Marmion Academy

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Marmion Academy
Address
1000 Butterfield Road
Aurora, Illinois, 60502-9742
United States
Coordinates 41°48′52″N 88°17′41″W / 41.81444°N 88.29472°W / 41.81444; -88.29472Coordinates: 41°48′52″N 88°17′41″W / 41.81444°N 88.29472°W / 41.81444; -88.29472
Information
Type private
Denomination Roman Catholic
Patron saint(s) Blessed Columba Marmion
Established 1933
Oversight Diocese of Rockford
President Fr. Abbot John Paul Brahill, OSB
Headmaster Anthony Tinerella
Chaplain Fr. Michael Burrows, OSB
Faculty 76
Grades 912
Gender all-male
Enrollment 529 (2013)
Average class size 26
Student to teacher ratio 10:1
Campus size 325 acres (1.32 km2)
Fight song Marmion Loyalty
Athletics conference Suburban Christian Conference
Mascot The Cadets
Nickname  %257C colors = Red and Blue         
Team name Cadets
Accreditation North Central Association of Colleges and Schools[1]
Average ACT scores 26.1
Newspaper 'The Cadet Call'
Yearbook Red and Blue Review
Tuition 10,300$
Affiliation Benedictine
Website
[1]

Marmion Academy, formerly Marmion Military Academy, is a Roman Catholic high school for young men located in Aurora, Illinois. It is located in the Roman Catholic Diocese of Rockford.

The academy is run by the Benedictine monks of Marmion Abbey, located on campus. The academy has a United States Army Junior Reserve Officers' Training Corps (JROTC) program that has been a part of the academy since its early years, but was not a part of the school in the inaugural year of 1933–34.[2]

The school is a part of the Suburban Christian Conference.

History[edit]

Marmion Academy was created in 1933 when the monks of St. Meinrad Abbey combined Jasper Academy (Jasper, Indiana) with the Fox Valley Catholic High School, which the Augustinians had just returned to the diocese of Rockford. During the Great Depression era it was difficult for students to pay their tuition, so the monks, in 1935, associated with the JROTC program and changed its name to Marmion Military Academy. In order to provide more options for its student body and a return to the original spirit of the school, the monks of Marmion Abbey decided to make JROTC an optional program and to reinstitue the original name of the school, Marmion Academy.[citation needed]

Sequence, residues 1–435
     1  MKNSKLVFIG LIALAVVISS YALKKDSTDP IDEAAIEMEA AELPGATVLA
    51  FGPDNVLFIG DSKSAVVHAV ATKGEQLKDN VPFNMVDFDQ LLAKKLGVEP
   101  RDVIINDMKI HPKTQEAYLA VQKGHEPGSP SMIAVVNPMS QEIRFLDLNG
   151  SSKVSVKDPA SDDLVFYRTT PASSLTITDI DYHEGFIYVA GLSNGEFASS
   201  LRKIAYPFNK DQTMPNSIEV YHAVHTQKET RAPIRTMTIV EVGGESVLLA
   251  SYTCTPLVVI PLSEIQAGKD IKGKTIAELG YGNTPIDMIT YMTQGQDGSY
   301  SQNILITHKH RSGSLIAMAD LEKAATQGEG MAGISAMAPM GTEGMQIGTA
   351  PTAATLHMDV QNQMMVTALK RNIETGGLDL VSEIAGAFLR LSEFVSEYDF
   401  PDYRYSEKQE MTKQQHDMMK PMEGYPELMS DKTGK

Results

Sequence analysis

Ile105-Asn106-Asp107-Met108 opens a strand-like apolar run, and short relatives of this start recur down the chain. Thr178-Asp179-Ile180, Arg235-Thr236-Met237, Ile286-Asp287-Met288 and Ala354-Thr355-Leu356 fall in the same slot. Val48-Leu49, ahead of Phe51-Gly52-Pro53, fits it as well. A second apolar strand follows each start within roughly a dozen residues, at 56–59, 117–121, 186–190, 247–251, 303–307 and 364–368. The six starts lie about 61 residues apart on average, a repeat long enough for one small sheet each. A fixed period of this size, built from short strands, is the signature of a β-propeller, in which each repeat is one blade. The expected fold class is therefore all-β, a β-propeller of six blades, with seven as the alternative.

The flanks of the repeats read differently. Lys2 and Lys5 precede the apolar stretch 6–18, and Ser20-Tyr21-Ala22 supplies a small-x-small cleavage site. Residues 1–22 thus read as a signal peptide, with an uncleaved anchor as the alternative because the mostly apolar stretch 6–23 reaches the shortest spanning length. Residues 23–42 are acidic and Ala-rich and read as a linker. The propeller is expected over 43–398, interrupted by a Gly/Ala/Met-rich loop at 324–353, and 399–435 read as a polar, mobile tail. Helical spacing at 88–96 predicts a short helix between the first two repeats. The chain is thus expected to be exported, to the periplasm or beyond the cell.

At one point, there were two campuses: one for residential students and one for day students. The two merged back into the Butterfield Road campus, which had been the residential campus.[2] In early 2002, the school decided to close its residential program and started to expand its student body.[3] In 2010 the Marmion Cadets placed 2nd in state in the 6A state championship for football and 3rd in the cross country class 2A state championships.

Academics[edit]

Graduation Requirements:[4]

Marmion requires that each graduate complete 4 credits each in English and Theology; 3 credits in Mathematics; 3 elective credits; 2 credits each in a Foreign Language (4 credits recommended), Science, Social Studies, and either Military Science (JROTC) or Leadership Education and Development (LEAD); and 1 credit each in Health/Physical Education; and ½ credit in Music and Art. Marmion students are required to perform at least 15 hours of community service each academic year.

At least 23¼ credits are required for graduation.

Leadership Programs[edit]

In 1994, the academy introduced an alternative to JROTC, Leadership and Service or L&S. The Leadership and Service program later became the "Leadership Education and Development", or "LEAD", program.

Notable alumni[edit]

References[edit]

  1. ^ NCA-CASI. "NCA-Council on Accreditation and School Improvement". Retrieved 2009-07-28. [dead link]
  2. ^ a b MA. "Marmion Academy". Archived from the original on 2007-03-28. Retrieved 2007-05-11. 
  3. ^ MA. "Marmion Academy Programs". Archived from the original on 2007-04-30. Retrieved 2007-05-11. 
  4. ^ MA. "Marmion Academy Academics". Archived from the original on 2007-05-03. Retrieved 2007-05-11. 

External links[edit]